New evidence shows that gout is a risk factor for death from COVID-19, particularly in women.
Data from the UK Biobank that included 15,560 people with gout found that in multivariate analysis there was a statistically significant 30% higher risk of death from COVID-19 compared to people without gout.
The database, which covers a population cohort of almost 460,000 people, was used by Australian and New Zealand researchers to analyse the risks of COVID-19 disease and death for those with gout.
In an initial analysis gout was associated strongly with diagnosis of COVID-19 (Odd Ratio=1.5) and remained so (OR= 1.2) after adjusting for other variables including co-morbidities. Notably women with gout were 50% more likely to be diagnosed with COVID-19 than men.
The proportion of people with gout who died with COVID-19 was 0.86% compared to 0.24% in the general cohort.
People who died with COVID-19 had a higher proportion of metabolic-based co-morbidities such as diabetes mellitus (30.7% vs 7.3%), and in males these co-morbidities could have contributed to the excess risk of death from COVID-19, said researchers from Otago University.
However, while men were more likely than women to have gout (6.4% vs 1% of the entire cohort), a greater proportion of women with gout died with COVID-19 than did men with gout (1.3% vs 0.8%).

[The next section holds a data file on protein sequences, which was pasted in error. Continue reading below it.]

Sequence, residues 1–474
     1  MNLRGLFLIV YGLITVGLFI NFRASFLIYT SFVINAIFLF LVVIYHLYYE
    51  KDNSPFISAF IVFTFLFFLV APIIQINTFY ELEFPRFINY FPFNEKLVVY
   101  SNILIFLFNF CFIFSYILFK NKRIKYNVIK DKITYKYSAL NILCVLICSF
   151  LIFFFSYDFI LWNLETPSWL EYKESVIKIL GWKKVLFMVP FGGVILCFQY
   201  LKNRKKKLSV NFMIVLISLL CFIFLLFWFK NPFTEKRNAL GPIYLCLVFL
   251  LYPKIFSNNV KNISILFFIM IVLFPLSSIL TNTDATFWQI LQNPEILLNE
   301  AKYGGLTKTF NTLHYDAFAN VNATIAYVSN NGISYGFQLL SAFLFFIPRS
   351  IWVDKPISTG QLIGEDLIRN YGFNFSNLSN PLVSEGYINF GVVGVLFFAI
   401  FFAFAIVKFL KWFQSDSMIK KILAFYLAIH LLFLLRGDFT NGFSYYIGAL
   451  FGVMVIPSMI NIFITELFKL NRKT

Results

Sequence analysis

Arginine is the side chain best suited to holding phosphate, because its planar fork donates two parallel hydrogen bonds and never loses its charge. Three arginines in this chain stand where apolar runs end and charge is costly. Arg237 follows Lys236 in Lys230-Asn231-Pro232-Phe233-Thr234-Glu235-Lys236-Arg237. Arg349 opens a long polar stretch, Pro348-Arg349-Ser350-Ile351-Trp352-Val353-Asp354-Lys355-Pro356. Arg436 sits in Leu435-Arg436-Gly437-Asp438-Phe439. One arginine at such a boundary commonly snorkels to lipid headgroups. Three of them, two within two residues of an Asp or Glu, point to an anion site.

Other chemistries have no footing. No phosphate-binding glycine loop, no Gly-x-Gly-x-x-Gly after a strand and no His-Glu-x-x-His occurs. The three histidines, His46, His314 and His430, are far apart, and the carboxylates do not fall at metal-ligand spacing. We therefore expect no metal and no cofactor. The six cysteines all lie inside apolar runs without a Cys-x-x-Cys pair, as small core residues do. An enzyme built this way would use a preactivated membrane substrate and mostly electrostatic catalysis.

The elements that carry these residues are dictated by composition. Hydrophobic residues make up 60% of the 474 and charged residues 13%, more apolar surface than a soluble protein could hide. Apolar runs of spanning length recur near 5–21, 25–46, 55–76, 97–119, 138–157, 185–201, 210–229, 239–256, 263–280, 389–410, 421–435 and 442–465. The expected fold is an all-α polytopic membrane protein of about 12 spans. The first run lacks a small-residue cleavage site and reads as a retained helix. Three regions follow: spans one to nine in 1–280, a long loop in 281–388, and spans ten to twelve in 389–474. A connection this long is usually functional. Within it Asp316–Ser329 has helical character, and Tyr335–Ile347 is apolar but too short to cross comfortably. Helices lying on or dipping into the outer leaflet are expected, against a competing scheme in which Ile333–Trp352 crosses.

The researchers noted there was a highly statistically significant unadjusted risk estimate for death related to COVID-19 in the general population, with an Odds Ratio of of 3.9 for gout overall, and particularly high risk (OR=9.4) for women with gout.
Unlike in men with gout, the risk of COVID-19 related death remained almost double for women (OR= 1.9) after adjusting for other factors and co-morbidities.
“These raw estimates can be used in clinician-patient discussions regarding patient decisions to get vaccinated against SARS-Cov-2,” the researchers suggested.
And they said the findings may be particularly relevant in population groups with a high prevalence of gout such as Māori (8%) and Pacific Islanders (gout prevalence 14%), compared to 4% in the non-Māori non-Pacific population
“These figures justify a targeted strategy for vaccination of Māori and Pacific people with gout in all healthcare settings,” wrote the authors, who included rheumatologists Professor Philip Robinson from the Queensland University and Professor Nicola Dalbeth from Auckland University.
They also noted that in contrast to the findings of the previous COLCORONA trial, there appeared to be no significant differences in risk of death related to COVID-19 according to prescription of urate-lowering therapy (ULT) or colchicine
The findings are published in the medRxiv preprint server.